(The Red Sector Chronicles Omnibus)
Genres: Dystopia, Paranormal Romance, Young Adult
The strength of Sloane’s heart is about to be put to the ultimate test.
After the Eclipse – the night vampires began openly slaughtering human victims – everything changed. Out of fear, the government salvaged what remained of the human population and enclosed them in massive, security-laden cities called White Sectors, while marking the vampire infested territory as Red Sectors.
When seventeen-year-old Sloane McAllister’s twin brother disappears, she seems to be the only one who thinks he isn’t dead, and she vows to stop at nothing to find him. Gathering her courage, she braves the Red Sector to search for clues to his whereabouts. By chance, she encounters Aden, a handsome, charismatic vampire with a hidden agenda. He turns Sloane against her will and whisks her away to his underground city. Enemies quickly become friends as Sloane struggles against her attraction to Aden, and resists her growing loyalties to the creatures that ruined her life.
But the vampires themselves are the least of her problems. A war is brewing between the humans and vampires, along with a growing web of deceit and betrayal. And before it’s all over, loyalties will be tested, hearts will be broken, and no one’s lives will ever be the same.
Buy it here:The Red Sector Chronicles Omnibus Edition ~ Smashwords
Guest post: Vampire Apocalypse: Building a Dystopian WorldKrystle Jones
When I first started writing my Red Sector Chronicles series, I didn’t know at the time I’d be writing dystopia. I was actually leaning more toward urban fantasy, since that’s what I read a lot of. But then as I developed my characters and brainstormed story ideas, I came to realize this storyline would work better in a futuristic America, where vampires ruled supreme. But boy, did I have my work cut out for me.
Here’s the thing: Dystopian worlds are a lot of fun to write about, but they’re also a lot of work. I actually found them to be almost as involved as my epic fantasy worlds! In a dystopian novel, the world itself has a lot of influence over the rest of the story, especially the atmosphere.
Dystopian novels – at least all the ones I’ve read – often imbue a very bleak, dark future. This can make the story somewhat heavy and depressing, which affects the characters’ attitudes and the themes of the story. There are more upbeat/comedic dystopian stories out there Warm Bodies, anyone?), but the large majority I’ve seen are toward the depressing order.
Now, I like a little bit of humor in my books, so I tried putting that in my trilogy to provide some relief from the heavy atmosphere. Death hangs over my heroine through a lot of the story, since I also love thrillers, and I knew too much tension can strangle a reader. It’s like watching one of those movies where there’s so much action you eventually become desensitized to it, and it loses its effect.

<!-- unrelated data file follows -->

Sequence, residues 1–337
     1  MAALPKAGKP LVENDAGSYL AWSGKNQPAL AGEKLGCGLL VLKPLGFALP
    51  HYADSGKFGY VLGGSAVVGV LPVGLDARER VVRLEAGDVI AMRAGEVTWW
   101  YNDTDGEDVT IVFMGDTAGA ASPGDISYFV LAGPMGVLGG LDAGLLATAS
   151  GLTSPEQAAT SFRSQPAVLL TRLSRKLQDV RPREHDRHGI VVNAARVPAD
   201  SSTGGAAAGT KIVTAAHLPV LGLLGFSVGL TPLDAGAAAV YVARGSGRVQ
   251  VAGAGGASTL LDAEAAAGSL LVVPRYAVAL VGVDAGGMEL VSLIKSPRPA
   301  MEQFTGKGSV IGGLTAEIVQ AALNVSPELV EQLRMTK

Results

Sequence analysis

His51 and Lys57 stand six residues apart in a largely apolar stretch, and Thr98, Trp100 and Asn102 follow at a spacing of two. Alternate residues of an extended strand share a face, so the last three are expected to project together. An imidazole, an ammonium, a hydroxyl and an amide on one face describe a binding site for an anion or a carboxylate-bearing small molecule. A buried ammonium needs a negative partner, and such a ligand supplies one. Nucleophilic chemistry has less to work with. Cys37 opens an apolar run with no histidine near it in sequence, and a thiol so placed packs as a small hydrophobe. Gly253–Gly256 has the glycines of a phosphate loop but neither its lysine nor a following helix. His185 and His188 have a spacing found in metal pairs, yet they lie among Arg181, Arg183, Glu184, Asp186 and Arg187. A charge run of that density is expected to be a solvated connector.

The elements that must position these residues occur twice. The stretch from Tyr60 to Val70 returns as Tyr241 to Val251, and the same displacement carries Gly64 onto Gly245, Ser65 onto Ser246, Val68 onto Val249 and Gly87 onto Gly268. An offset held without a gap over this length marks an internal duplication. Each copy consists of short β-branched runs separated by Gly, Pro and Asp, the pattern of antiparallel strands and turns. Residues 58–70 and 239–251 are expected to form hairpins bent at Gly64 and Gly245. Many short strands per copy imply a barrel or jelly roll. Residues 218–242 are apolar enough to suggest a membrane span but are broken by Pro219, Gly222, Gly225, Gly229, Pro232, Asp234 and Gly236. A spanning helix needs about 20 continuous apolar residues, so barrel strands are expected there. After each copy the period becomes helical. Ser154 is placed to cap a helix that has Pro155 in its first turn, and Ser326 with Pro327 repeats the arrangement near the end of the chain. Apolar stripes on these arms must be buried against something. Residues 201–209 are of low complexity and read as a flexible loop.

So that was something I had to watch out for. I knew I wanted my vampires to be scary more so than sparkly (for the record, I love Twilight), but I’m also a little in love with the idea of the “romantic, dreamy” vampire that looks more like a human. So I decided to have both, the regular vamps and the Rogues, or flesh-eating monsters. Then it was a matter of figuring out how they fit into this dark world, and how they had altered history. That’s another thing, the “what went wrong” factor.
Every dystopian novel has it, from killer plagues to the zombie apocalypse. For me, I decided vampirism was more of a disease rather than a fantasy element (witch cursing a prince, or something equally fantastic), and the Rogues were going to be the vampires who’d fallen prey to their bloodlust and lost their minds to it. The “what went wrong,” “what’s happened since,” and “where we are now” play a big part in dystopian stories. The more I figured out about my dystopian world, the more I realized I was going to need a story bible.
There’s no way to keep all those details straight, because you’re pretty much making stuff up after a certain point, from alternate history, to world building, to the way society and the government function in this alternate universe. Especially if you’re writing a series, a story bible is wonderful for keeping yourself from sticking your foot in your mouth in later books. If you’re going to be the queen of the universe, you have to keep track of what you put into it.
Lastly, I’d say the one of the big decisions about writing dystopian is deciding how much fantasy versus science fiction you’re going to have in the story. For me, my world was pretty grounded in science fiction, as I think most dystopian stories are, but there are definitely sci-fi books and movies that incorporate some fantasy elements (i.e. Star Wars). I’d say figure this out in book one and stick with it.
If you’re writing a series steeped in reality and explainable science, and you suddenly have flying magical unicorns floating around your pages, readers will 1) be thrown out of the story; and 2) not believe it one bit. So stick to one or the other (no fantasy elements vs. some fantasy elements). Just be sure not to let the fantasy overwhelm the sci-fi, or else it becomes more fantasy. Those are some of the things I had to think about while writing my dystopian novel. Hopefully, they’ll help you write yours, if you’re a writer, or give you a glimpse into what a writer thinks about, if you’re a reader.
Thanks for reading!
About The AuthorKrystle Jones was born and raised in the small, southern town of Tullahoma, Tennessee. Reading and writing have been lifelong passions of hers. In addition to being a novelist, she is also an award-winning flutist, and moonlights as a voice actress. Her voice can be heard in the popular online game, Alice is Dead 3.
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